Helpful Advice That Helps Older Adults Combat Bad Breath

Anyone may experience uncomfortable issues with bad breath, also known as halitosis. However, due to their vulnerability to a number of medical and dental disorders, older persons are more likely to experience bad breath.

But figuring out what the source of the issue is the first step in preventing bad breath.

Below are some of the most typical reasons why older people develop bad breath, along with some advice on preventing bad breath and maintaining good oral health at any age.

Reasons for Bad Breath

The smell is frequently a transient event brought on by eating particular foods, such as garlic, onions, and specific spices. Your breath can smell bad if you drink alcohol, smoke, or chew tobacco.

Avoiding irritating materials is all necessary to prevent bad breath caused by these environmental causes. However, these are not the only potential reasons for bad breath.

For instance, the American Dental Association claims that a number of medical illnesses, such as tonsillitis and postnasal drip, can also cause bad breath.

Having bad breath and periodontal disease

Bacterial plaque can build up on your teeth and gums due to insufficient or infrequent brushing and flossing, which can result in gum disease, which can cause persistent bad breath.

According to the CDC, the prevalence of periodontal disease rises with age and affects over 70 percent of persons 65 and older. Bad breath is one of the initial indications of gum disease.

Due to excessive bleeding and irritated gum tissue, the harshness of the odor worsens as gum disease gets worse.

Periodontal disease treatment helps get rid of bad breath. To help the gums heal, your dentist will want to clean your teeth and remove tartar deposits.

They’ll also recommend that you establish a strict home care program to help limit the amount of bacteria in your mouth.

Having Dry Mouth

Older folks’ poor breath is frequently brought on by xerostomia or dry mouth. The mouth becomes a breeding ground for bacteria when insufficient saliva wipes away food particles and germs.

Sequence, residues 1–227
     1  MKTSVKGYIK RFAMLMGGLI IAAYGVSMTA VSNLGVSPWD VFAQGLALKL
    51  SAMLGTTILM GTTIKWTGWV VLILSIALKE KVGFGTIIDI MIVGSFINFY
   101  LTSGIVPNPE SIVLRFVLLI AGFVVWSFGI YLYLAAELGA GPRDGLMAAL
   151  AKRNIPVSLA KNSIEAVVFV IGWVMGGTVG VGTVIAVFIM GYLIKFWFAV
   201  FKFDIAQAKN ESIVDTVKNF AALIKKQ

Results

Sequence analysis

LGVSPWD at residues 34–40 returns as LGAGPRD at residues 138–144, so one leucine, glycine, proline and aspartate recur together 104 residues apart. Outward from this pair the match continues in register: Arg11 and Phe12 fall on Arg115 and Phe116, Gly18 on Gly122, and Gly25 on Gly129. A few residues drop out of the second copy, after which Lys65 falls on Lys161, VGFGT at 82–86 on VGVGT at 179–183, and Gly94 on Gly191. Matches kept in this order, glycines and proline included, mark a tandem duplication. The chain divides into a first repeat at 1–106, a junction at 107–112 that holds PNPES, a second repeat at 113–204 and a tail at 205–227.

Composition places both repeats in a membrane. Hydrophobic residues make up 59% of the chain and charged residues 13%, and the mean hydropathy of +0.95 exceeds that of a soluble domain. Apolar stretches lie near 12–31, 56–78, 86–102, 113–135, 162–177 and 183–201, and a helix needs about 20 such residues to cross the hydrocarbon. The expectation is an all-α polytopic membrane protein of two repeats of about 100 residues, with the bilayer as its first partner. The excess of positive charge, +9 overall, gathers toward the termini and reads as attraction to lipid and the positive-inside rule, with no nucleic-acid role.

According to the Academy of General Dentistry, dry mouth can be a side effect of getting older, but older persons are also more likely to be taking medications that cause dry mouth. Dry mouth can also result from chemo, autoimmune conditions, diabetes, or alcoholism.

Maintaining moisture in your mouth can help you avoid foul breath. Older adults frequently use artificial saliva products.

However, consuming enough water throughout the day and sucking on sugar-free candies or lozenges can both be beneficial.

Using Partials, Fixed Bridges, and Dentures

Removable dentures, which are frequently the cause of foul breath in older persons, are very common. Artificial appliances can develop bacterial plaque buildup just like natural teeth can.

You should take out your dentures every day and clean them with the proper cleaners to avoid odors. Food and bacteria can also get stuck behind permanent crowns and bridges.

Therefore, use floss threaders or tiny interdental brushes to gently clean under your bridge to maintain fresh breath.

Conclusion

For the majority of individuals, the solution to avoiding bad breath is straightforward. Just adhere to the fundamentals of excellent oral hygiene. At least once a day, floss and brush your teeth twice.

Regularly brush your tongue or use a special tongue scraper to remove bacteria, which can be a source of bad breath. Use an antibacterial mouthwash to rinse your mouth out to help further minimize harmful microorganisms.

Keep this in mind: Routine professional cleanings are always necessary for preserving good oral health and fresh breath.

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